Urine is liquid waste excreted by the kidneys and eventually expelled from the body in a process known as urination. Most commonly the excretion of urine serves for flushing waste molecules collected from the blood by the kidneys, and for the homeostasis of the body liquids; however, many species also use it for olfactory communication.



Urine is a transparent solution that is light yellow to amber in colour. It is the byproduct or waste fluid secreted by the kidneys, transported by the ureters to the urinary bladder where it is stored until it is voided through the urethra. Urine is made up of a watery solution of metabolic wastes (such as urea), dissolved salts and organic materials. Fluid and materials being filtered by the kidneys -destined to become urine- comes from the blood or interstitial fluid. The composition of urine is adjusted in the process of reabsorption when essential molecules needed by the body, such as glucose, are reabsorbed back into the blood stream via carrier molecules. The remaining fluid contains high concentrations of urea and other excess or potentially toxic substances that will be released from the body via urination. Urine flows through the following structures: the kidney, ureter, bladder, and finally the urethra. Urine is produced by a process of filtration, reabsorption, and tubular secretion.

Urine contains large amounts of urea, an excellent source of nitrogen for plants. As such it is a useful accelerator for compost. Urea is 10,000 times less toxic than ammonia and is a byproduct of deamination (2 NH3 molecules) and cellular respiration's (1 CO2 molecule) products combining together. Other components include various inorganic salts such as sodium chloride (the discharge of sodium through urine is known as natriuresis.)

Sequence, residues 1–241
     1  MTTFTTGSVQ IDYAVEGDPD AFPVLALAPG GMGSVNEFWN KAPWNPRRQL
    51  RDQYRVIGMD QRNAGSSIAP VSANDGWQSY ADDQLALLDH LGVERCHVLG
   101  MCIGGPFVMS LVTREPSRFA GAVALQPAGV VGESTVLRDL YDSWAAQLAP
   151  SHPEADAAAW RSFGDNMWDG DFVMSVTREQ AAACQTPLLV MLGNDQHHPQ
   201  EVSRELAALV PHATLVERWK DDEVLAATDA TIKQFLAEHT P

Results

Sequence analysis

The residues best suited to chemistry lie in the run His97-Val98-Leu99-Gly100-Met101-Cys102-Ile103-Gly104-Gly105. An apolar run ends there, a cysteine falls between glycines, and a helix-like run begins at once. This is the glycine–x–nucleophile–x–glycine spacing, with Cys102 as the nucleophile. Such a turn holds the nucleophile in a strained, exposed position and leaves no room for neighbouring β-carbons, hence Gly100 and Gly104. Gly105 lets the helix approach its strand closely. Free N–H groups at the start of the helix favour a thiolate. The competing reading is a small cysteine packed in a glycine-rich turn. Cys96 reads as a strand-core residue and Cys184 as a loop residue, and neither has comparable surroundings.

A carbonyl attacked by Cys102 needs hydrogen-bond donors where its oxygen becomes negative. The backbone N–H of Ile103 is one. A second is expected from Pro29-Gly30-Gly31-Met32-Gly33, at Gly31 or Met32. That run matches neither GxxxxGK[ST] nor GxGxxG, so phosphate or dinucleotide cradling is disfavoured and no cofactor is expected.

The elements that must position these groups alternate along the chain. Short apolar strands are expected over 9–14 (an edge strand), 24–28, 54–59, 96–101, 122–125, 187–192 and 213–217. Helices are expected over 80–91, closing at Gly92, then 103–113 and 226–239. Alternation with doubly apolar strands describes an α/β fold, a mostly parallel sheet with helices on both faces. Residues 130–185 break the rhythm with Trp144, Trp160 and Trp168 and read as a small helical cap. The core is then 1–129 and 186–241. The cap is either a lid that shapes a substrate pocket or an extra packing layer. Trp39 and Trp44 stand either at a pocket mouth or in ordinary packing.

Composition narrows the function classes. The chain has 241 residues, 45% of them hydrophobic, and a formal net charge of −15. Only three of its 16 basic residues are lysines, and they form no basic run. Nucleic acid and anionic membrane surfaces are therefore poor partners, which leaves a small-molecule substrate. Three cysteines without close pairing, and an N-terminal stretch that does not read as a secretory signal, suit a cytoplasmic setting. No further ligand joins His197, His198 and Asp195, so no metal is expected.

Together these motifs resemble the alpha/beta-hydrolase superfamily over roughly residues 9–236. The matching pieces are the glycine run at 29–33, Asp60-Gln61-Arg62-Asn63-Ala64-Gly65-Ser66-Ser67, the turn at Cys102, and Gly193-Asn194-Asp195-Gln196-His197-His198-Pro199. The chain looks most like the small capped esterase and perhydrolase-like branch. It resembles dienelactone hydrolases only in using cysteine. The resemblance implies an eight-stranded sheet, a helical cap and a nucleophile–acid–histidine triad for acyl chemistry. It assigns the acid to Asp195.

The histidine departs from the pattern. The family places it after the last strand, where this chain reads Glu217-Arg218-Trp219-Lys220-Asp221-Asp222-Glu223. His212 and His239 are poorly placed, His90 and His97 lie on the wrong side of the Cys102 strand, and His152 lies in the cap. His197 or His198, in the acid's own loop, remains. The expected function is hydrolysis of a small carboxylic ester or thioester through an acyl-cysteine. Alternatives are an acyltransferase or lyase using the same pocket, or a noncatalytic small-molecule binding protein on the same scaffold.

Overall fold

Urine is the primary method for excreting chemicals and drugs from the body. These chemicals can be detected and analysed by urinalysis.

Although urine is commonly believed to be 'dirty' this is not actually the case. In cases of kidney or urinary tract infection (UTI) the urine will contain bacteria, but otherwise urine is virtually sterile and nearly odorless when it leaves the body. However, after that, bacteria that contaminate the urine will convert chemicals in the urine into smelling chemicals that are responsible for the distinctive odor of stale urine; in particular, ammonia is produced from urea.